Common Sense Media released a report examining kids’ privacy trends and practices of hundreds of popular technology companies and products over the last five years.
However, that same transparency also reveals the increase of problematic practices like the sale of personal data.
Across the pool of companies and apps evaluated in the report, only 26% met the minimum safeguards for all users of a product, earning a “Pass” rating. The remaining 74% scored below the threshold, earning a “Warning” rating, which indicates that these products are putting kids’ privacy at risk.
“This report shows that there is a long way to go on protecting kids’ privacy, and that continued pressure for increased regulation will improve industry practices,” says Jim Steyer, CEO of Common Sense.
“The passage of modern, sensible technology laws like the California Privacy Rights Act of 2020 and the California Consumer Privacy Act in 2019 requires companies to update their policies to meet the new standards, but we need a robust and comprehensive federal privacy law and new regulations to better protect kids, and we need the industry to step up and stop placing the burden on parents, educators, and families.”
“The state of kids’ privacy is far below parents’ expectations, and we need the industry to step up and do more to protect kids from the current reality, in which products are actively engaging in more data collection and data monetization than ever before,” says Girard Kelly, Privacy Program Director at Common Sense.
Kids’ privacy trends and practices
Apps used by children and students feature unhealthy practices that put their privacy at risk.
- 2 out of 3 products used by youth have privacy practices that track them on the app and across the internet for advertising purposes.
- 50% of products intended for kids have either unclear or worse practices that allow sending third-party marketing messages.
- 4 out of 10 products have the potential to serve targeted ads to students based on their personal information.
The industry is more transparent about privacy than ever before, but has a long way to go. Over the past four years, there have been significant increases in transparency on almost every single evaluation question. While this is good, many companies are doing this only to meet the minimum requirements set by new laws and consumer expectations.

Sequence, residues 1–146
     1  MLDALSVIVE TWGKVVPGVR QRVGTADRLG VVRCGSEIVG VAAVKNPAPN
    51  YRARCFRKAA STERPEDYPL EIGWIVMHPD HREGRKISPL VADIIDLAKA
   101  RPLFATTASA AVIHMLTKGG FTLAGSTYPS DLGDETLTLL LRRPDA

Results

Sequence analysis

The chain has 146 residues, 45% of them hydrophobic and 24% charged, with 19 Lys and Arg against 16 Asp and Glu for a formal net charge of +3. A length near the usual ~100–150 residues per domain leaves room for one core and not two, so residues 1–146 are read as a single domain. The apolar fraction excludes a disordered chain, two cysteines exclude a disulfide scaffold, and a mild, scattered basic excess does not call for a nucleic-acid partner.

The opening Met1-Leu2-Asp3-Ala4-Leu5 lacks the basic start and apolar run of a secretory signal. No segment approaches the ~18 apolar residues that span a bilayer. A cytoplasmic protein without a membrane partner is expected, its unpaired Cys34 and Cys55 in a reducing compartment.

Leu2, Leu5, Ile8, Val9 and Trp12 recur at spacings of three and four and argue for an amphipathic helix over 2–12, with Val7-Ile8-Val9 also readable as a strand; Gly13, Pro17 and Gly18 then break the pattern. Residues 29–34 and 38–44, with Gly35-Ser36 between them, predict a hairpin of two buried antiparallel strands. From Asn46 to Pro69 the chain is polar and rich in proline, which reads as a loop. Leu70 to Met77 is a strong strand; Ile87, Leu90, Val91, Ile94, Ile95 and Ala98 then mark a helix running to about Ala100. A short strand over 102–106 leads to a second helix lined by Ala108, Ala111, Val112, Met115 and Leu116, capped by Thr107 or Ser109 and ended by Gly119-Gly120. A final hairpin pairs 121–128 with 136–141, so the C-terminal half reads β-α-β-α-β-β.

Privacy ratings help increase transparency, uncovering additional troubling practices. Companies are updating their privacy policies to discuss issues related to Common Sense’s ratings criteria. However, increased transparency has revealed additional data-collection practices that have a concerning impact on kids and families.
Selling data, often considered one of the worst practices, has increased over the past four years. This puts even more kids’ and families’ privacy at risk and further erodes trust in technology companies and products.
The findings overwhelmingly support calls for companies to step up and protect their users’ privacy rather than placing the burden on parents and teachers to read lengthy and confusing privacy policies for apps and services used by children and students. In the meantime, the report offers guidance for consumers.
Suggestions and tips for parents and educators to navigate privacy policies
- Make informed decisions about which apps to use. Apps aren’t going anywhere, but there can be a balance of safety, features, time spent on-screen, and convenience.
- Check Common Sense’s privacy ratings to get a thorough understanding of strong (or weak) privacy protections. Parents and educators can use our easy–to–understand privacy ratings to make informed choices about the products they use with children at home and with students in the classroom.
- Ask companies not to sell your data. Use free online resources, like donotsell.org, to request that companies not sell your personal data for profit.
- Make your preferences known to companies and legislators. Many parents have taken (or wanted to take) steps to limit data collection. Legislators can support this practice by mandating features that allow parental controls, and when that doesn’t fully protect kids, passing a robust federal privacy law to better protect kids and families.